However, initial pace of construction work was slow due to some snags, and the project remained behind the schedule. Lately, Water and Power Development Authority (Wapda) has given a variation/additional order to contractor to fast-track the project under accelerated implementation programme, and it is now rescheduled for commissioning by June 30, 2017.
Nonetheless, the project is likely to be delayed, given the present conditions of high water flows in Indus River at Tarbela Dam, and contractor having abandoned the acceleration plan. Similarly, the 106MW Golen Gol hydropower project was scheduled for commissioning in October 2017, but pace of work at site remains very slow and there is no possibility for its coming online as per schedule.
The mega 6,600MW Pakistan Power Park at Gadani, which was approved by the PM on July 26, 2013, was shelved after a lot of fanfare, publicity, and heavy expenditure incurred on the master plan, land acquisition, site development, infrastructure and deep sea jetty plans, and technical feasibility studies for the power generation projects and proposed transmission network. The Pakistan Power Park, a fast-track project, scheduled for completion in 2017, had envisaged construction of 2x660MW in public sector and 8x660MW in private sector, based on imported coal. It was primarily being set up with technical and economic assistance of China. However, the whole project was abandoned in November 2014.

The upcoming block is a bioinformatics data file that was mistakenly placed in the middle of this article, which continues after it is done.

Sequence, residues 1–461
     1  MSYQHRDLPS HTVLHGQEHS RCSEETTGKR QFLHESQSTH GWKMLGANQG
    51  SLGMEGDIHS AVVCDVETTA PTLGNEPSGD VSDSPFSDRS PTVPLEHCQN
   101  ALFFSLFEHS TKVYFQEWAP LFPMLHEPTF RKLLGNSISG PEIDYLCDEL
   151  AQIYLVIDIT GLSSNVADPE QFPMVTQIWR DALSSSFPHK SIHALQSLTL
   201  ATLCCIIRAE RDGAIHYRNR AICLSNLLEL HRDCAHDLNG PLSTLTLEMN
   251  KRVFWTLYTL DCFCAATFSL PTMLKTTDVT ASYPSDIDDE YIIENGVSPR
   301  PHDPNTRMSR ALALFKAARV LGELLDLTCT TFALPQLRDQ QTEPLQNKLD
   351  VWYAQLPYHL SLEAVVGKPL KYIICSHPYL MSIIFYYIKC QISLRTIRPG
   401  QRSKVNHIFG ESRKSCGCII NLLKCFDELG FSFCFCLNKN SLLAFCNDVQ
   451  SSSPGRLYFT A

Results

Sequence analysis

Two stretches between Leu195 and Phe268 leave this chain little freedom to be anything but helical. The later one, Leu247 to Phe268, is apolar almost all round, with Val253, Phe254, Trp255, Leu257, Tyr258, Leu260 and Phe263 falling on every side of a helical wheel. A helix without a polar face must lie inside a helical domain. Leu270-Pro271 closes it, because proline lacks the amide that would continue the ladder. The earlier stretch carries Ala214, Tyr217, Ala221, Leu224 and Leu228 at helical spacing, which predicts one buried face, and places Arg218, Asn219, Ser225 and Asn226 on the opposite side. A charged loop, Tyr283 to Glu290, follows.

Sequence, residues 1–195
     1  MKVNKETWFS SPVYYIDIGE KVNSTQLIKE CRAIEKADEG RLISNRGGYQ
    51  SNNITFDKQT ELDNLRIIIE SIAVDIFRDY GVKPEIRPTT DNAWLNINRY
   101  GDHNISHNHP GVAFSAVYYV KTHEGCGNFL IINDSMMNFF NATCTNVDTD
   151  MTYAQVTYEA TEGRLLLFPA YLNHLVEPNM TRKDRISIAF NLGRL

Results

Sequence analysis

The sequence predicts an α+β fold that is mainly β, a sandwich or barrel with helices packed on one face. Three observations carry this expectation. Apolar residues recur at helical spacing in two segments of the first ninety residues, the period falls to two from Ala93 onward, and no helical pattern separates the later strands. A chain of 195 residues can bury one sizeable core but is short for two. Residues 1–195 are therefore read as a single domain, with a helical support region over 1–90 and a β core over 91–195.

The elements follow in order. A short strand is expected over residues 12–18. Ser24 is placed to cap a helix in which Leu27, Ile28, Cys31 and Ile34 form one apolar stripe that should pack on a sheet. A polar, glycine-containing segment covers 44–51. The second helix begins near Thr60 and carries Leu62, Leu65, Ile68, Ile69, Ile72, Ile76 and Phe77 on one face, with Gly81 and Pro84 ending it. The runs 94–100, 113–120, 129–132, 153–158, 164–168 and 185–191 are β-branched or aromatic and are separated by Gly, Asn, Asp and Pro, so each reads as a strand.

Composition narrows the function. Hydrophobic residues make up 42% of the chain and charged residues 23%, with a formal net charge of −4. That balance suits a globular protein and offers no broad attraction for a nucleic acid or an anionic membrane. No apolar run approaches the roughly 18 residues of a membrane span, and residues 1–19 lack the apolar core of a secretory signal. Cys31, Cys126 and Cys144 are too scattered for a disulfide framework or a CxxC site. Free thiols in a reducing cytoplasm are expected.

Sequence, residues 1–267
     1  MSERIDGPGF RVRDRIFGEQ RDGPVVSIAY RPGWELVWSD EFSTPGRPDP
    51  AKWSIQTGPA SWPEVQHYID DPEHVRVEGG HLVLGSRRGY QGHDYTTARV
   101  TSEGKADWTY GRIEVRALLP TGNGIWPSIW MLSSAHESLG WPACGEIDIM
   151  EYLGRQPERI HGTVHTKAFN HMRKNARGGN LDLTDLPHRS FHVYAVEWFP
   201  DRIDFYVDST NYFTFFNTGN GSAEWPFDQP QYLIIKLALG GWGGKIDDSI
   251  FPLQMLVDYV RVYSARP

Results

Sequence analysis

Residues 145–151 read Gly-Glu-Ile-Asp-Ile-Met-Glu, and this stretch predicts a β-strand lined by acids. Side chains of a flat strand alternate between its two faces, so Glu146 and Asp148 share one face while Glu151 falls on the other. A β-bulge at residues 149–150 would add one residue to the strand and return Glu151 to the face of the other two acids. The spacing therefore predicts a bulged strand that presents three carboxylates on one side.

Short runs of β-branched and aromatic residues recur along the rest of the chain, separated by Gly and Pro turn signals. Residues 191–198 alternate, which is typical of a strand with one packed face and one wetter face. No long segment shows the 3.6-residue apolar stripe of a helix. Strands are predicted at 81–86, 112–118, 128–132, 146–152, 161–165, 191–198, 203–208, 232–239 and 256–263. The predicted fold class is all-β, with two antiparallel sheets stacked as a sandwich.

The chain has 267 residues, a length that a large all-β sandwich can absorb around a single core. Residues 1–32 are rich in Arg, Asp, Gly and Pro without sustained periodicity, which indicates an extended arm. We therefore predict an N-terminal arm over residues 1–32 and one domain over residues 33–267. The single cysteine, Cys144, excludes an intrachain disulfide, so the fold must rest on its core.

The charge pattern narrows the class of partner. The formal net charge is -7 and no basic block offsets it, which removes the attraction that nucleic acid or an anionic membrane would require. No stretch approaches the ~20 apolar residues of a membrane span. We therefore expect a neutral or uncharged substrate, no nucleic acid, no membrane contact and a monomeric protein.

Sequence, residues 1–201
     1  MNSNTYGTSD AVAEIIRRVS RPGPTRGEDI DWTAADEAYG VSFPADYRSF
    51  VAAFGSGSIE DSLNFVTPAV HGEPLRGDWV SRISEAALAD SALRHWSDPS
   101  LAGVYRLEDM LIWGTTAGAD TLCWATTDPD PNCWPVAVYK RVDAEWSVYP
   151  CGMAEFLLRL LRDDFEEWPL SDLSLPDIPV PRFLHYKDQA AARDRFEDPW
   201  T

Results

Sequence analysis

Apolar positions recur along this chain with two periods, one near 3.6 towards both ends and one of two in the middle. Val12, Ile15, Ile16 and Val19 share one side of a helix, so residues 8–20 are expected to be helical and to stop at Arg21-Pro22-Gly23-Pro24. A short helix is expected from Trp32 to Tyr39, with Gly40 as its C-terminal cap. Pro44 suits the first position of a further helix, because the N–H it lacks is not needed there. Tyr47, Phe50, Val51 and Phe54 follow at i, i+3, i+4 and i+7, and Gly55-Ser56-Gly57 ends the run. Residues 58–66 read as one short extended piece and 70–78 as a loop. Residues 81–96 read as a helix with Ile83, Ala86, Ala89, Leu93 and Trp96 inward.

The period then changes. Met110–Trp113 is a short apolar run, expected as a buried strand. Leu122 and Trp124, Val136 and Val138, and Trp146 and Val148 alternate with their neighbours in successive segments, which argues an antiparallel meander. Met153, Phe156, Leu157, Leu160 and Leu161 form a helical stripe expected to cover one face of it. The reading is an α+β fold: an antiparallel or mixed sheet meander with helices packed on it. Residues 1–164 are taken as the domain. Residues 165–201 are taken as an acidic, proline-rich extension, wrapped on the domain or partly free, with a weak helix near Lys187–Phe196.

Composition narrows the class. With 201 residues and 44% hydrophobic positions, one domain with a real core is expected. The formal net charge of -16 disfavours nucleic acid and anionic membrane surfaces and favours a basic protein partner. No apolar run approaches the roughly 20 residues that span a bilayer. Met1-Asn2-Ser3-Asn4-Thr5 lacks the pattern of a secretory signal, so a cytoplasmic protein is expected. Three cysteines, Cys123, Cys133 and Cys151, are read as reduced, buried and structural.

Power generating projects of cumulative capacity of 6,000MW in the Punjab, using imported coal have met a similar fate. Power projects of 2x660MW were to be established at Qadirabad (Sahiwal), Bhikki (Sheikhupura), Haveli Bahadur Shah (Jhang), Balloki (Kasur), Trinda Saway (Rahim Yar Khan) and Mouza Saddanwali (Muzaffargarh). Only the Qadirabad project is under construction, whereas all other projects using imported coal were folded, apparently because of coal transportation constraints.